A few days ago, I proclaimed that Mitt Romney had finally become the official "social conservative alternative."
That lasted for about two days. ... And then today Pat Robertson endorsed Rudy Giuliani ... and Sen. Sam Brownback endorsed John McCain.
Clearly, the other candidates are not willing to concede the social conservative vote to Romney. And they were wise to haul out these endorsements now ... before it got away from them.
The Fix put it this way:
The endorsement will definitely slow Romney's momentum with social conservatives. Romney had recently secured the backing of conservative stalwarts Paul Weyrich and Bob Jones III -- endorsements that seemed to strengthen his bid to become the electable conservative alternative to Giuliani. Romney had made no secret of his desire for Robertson's endorsement and has to be disappointed this morning.
Still, I can't help but believe there are extenuating circumstances behind today's two endorsements.
Sam Brownback's endorsement of John McCain isn't quite so surprising when you consider they are both Senators, and that McCain has the most solid pro-Life record of any candidate still in the race. Additionally, it's no secret that Brownback and Romney were rivals.
But regardless of why Brownback endorsed McCain, his endorsement could help McCain with social conservatives in places like Iowa -- and also help provide an actual Iowa organization for him to use. If McCain finishes second or third in Iowa, and then first in New Hampshire (which is not beyond the realm of possibility), who knows what happens?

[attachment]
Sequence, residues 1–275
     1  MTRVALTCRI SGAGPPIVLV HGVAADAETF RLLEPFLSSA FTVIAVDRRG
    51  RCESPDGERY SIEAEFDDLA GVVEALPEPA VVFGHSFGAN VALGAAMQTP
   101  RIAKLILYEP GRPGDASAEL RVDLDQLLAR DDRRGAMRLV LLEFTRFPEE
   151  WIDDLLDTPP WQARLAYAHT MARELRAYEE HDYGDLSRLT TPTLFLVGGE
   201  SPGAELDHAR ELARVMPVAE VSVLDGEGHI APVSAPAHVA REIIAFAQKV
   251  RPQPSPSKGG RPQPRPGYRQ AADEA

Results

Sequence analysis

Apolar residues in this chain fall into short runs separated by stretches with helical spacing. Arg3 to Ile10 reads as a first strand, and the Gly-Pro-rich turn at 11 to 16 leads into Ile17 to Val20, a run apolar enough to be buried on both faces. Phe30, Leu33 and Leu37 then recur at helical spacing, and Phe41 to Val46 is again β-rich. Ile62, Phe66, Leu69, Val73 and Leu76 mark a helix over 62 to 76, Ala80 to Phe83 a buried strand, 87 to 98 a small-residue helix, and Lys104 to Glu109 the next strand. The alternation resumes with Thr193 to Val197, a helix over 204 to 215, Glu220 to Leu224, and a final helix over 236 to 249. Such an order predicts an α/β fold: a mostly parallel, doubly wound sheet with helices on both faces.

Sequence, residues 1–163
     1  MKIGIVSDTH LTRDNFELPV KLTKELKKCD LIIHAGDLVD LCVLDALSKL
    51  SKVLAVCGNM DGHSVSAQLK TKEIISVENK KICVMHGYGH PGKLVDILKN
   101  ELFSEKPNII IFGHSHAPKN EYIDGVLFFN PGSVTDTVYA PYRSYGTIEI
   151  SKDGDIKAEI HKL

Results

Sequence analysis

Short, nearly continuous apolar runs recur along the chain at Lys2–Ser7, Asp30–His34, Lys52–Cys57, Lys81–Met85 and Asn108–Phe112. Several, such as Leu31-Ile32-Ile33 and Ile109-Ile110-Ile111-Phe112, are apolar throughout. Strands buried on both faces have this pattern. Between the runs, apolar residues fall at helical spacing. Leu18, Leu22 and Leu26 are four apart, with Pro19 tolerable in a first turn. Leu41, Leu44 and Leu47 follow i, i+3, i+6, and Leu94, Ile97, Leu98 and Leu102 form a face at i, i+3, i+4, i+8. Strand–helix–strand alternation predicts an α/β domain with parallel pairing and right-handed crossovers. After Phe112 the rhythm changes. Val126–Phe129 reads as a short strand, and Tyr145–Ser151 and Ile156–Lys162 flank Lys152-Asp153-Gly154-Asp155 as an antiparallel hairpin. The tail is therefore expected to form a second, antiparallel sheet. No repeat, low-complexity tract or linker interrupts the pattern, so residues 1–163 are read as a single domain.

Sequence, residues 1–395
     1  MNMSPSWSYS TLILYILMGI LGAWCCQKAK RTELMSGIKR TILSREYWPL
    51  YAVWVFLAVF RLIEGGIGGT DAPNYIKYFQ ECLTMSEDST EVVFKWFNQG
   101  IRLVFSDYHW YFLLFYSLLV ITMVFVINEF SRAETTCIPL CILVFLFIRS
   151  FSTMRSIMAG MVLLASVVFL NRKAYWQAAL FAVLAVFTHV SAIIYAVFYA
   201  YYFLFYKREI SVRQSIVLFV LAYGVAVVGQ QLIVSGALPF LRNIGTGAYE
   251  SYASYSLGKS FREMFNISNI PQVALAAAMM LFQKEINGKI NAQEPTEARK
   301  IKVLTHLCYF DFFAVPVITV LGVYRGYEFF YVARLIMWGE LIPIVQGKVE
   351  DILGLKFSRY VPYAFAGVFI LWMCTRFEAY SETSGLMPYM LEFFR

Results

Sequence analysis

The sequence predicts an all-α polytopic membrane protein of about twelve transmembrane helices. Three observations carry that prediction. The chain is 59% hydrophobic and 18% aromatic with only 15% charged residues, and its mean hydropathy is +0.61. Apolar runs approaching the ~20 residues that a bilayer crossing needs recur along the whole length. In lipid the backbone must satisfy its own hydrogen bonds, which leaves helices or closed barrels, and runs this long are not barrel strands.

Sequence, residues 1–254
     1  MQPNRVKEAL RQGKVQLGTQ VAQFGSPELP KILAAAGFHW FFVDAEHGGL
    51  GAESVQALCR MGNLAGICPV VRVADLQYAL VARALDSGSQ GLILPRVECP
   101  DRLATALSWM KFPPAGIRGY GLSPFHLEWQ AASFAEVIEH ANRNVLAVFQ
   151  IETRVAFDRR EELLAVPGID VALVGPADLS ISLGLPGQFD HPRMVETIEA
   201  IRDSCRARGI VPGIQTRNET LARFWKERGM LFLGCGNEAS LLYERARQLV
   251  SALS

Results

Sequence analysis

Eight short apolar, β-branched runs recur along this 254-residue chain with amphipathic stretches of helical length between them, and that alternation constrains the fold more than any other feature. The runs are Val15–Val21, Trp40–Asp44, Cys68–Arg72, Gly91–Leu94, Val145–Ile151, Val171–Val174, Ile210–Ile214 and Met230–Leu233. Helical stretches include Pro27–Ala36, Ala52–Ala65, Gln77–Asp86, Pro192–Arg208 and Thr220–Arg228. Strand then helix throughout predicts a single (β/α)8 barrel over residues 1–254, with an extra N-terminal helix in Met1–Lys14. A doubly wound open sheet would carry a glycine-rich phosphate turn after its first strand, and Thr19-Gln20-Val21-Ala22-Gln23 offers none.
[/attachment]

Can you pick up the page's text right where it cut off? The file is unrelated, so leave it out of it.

Pat Robertson's endorsement of Rudy Giuliani was also huge because it essentially says you can be an Evangelical -- and still, in good faith -- support Rudy Giuliani.
While this endorsement isn't likely to spark a chain of other high-level endorsements (in recent years, Robertson has become more of a maverick, and less of a movement leader), Robertson's endorsement probably has more weight at the grassroots level than at the leader level.
So I guess I still stand by my point that Paul Weyrich's endorsement of Romney is the most likely to create a domino effect of top-down social conservative support. The question is whether or not Romney's leaders still have a real constituency ...
In my view, the most important endorsements don't just win you the support of other inside-the-beltway "leaders". The best endorsments win over rank-and-file conservative voters. Nationally, it could be Robertson who wins the most regular social conservatives. But Brownback's supporters are targeted near Iowa, and you could argue that that's more important ...
On a slightly different note, it is truly surprising how fractured the conservative movement has become. Anyone who still believes there is a "vast right-wing conspiracy" is surely not paying attention ...